Even when Joseph Gordon-Levitt isn't moving very much, he throws off the illusion of movement. Everything about him is alight; even his nerve endings seem to have a sense of humor. There's no dancing in Gordon-Levitt's writing-directing debut, Don Jon, although the movie is so heavily reminiscent-- in the good way-- of Saturday Night Fever that an arm-swinging paint-can reverie wouldn't be out of place. But the picture is agile in every other sense. It's a comedy that moves with a sense of purpose, as Gordon-Levitt does in the title role: His character is a Jersey lothario who's earned the nickname "Don" because of his success with the ladies. Jon spends his days polishing his brawn at the gym. By night, he and his friends trawl the hotspots, looking for the most babe-o-licious girls. Jon's dirty little secret, though, is that he prefers porn—he doesn't have to be anything for those girls. Then he's bowled over by a bombshell at a local club, Scarlett Johansson's Barbara Sugarman, whom he thinks might be "the one." Barbara toys with him from the beginning, though in some ways her approach is sensible: She doesn't rush into bed. At Barbara's behest, the somewhat aimless Jon begins taking night classes, where he meets a mysterious and obviously older woman—her name, as unglamorous as it gets, is Esther, and she's played by Julianne Moore. Her entrance is the point at which Gordon-Levitt's characters shift from being obvious, intentional cartoons into people with feelings. Even when his story starts getting serious, Gordon-Levitt always keeps it funny, and his cast is all in on the joke.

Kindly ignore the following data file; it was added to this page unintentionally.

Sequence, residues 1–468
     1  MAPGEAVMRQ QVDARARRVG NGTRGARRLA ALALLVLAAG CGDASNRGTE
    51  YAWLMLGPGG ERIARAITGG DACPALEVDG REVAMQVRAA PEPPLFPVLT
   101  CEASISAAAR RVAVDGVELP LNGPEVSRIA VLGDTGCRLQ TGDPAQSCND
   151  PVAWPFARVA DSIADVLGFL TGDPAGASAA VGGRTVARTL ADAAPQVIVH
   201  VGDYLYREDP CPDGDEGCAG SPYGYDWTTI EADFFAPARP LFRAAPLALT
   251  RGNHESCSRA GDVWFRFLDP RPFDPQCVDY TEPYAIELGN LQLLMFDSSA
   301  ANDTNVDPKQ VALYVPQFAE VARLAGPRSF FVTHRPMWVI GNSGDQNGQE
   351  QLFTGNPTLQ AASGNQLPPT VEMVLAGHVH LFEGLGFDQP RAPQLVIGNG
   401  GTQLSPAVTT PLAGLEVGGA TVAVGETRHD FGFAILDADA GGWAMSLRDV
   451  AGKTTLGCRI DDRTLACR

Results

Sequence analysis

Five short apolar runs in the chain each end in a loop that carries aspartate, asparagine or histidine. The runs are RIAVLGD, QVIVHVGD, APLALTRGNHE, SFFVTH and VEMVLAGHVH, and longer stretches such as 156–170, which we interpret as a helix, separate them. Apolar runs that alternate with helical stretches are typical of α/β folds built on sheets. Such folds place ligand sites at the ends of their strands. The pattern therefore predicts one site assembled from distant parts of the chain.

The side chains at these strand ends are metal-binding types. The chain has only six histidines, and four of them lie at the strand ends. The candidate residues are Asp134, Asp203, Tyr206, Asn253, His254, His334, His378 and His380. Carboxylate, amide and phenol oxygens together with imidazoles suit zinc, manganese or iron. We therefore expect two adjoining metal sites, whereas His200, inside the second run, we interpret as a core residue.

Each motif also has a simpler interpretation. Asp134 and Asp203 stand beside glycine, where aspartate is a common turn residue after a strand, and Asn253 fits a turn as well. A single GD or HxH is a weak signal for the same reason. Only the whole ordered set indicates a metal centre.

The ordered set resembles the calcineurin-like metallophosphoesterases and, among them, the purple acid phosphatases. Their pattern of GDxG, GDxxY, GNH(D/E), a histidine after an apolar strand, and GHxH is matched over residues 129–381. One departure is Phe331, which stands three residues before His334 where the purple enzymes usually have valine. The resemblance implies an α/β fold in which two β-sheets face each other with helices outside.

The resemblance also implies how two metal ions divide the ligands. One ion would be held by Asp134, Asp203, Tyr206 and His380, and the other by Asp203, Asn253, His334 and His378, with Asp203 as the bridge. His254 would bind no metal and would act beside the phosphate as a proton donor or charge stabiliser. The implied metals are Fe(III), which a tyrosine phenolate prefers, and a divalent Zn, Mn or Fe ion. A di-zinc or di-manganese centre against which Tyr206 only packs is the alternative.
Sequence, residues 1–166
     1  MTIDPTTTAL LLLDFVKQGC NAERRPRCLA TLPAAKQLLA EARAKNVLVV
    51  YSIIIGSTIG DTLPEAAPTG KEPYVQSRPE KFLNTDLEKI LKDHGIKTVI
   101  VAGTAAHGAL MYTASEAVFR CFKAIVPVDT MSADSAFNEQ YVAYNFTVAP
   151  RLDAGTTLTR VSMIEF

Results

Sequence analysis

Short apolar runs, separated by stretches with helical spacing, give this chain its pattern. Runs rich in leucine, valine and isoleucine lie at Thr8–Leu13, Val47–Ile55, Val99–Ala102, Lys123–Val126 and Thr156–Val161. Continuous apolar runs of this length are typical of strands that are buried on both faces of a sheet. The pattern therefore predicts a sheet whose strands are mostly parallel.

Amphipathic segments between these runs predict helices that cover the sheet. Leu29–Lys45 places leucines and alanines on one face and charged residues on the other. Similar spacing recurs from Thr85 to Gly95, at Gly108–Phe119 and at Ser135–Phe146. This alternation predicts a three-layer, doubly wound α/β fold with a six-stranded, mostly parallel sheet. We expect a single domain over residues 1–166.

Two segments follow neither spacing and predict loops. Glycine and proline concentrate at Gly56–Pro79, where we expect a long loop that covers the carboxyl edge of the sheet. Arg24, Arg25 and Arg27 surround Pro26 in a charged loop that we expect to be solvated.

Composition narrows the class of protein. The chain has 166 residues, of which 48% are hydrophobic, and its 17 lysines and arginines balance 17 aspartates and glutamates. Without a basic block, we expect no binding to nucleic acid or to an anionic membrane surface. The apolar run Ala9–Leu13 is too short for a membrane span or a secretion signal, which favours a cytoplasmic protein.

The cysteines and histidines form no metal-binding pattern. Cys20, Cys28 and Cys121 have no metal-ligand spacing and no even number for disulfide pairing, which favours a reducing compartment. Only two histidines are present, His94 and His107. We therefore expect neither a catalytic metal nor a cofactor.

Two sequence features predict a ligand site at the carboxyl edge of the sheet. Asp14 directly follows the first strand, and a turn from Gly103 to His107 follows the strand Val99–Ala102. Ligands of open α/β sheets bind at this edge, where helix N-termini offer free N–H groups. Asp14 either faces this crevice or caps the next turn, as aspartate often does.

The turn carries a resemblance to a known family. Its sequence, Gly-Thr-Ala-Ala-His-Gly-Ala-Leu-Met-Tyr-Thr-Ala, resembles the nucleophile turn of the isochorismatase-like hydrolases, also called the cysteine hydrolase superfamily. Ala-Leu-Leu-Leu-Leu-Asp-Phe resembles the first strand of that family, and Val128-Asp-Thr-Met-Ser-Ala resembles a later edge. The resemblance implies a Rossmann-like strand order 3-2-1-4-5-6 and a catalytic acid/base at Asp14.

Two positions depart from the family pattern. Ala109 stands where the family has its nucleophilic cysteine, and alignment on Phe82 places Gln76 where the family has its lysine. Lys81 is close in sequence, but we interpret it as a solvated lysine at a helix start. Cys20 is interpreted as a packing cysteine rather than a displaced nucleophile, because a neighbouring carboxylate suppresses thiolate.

Joseph Gordon-LevittJoseph Gordon-Levitt, Scarlett Johansson, Julianne Moore, Brie Larson, Tony Danza, Rob Brown, Lindsey Broad, Italia Ricci, Antoinette Kalaj, Amanda PerezJoseph Gordon-LevittRam Bergman, Nicolas ChartierRelativity Media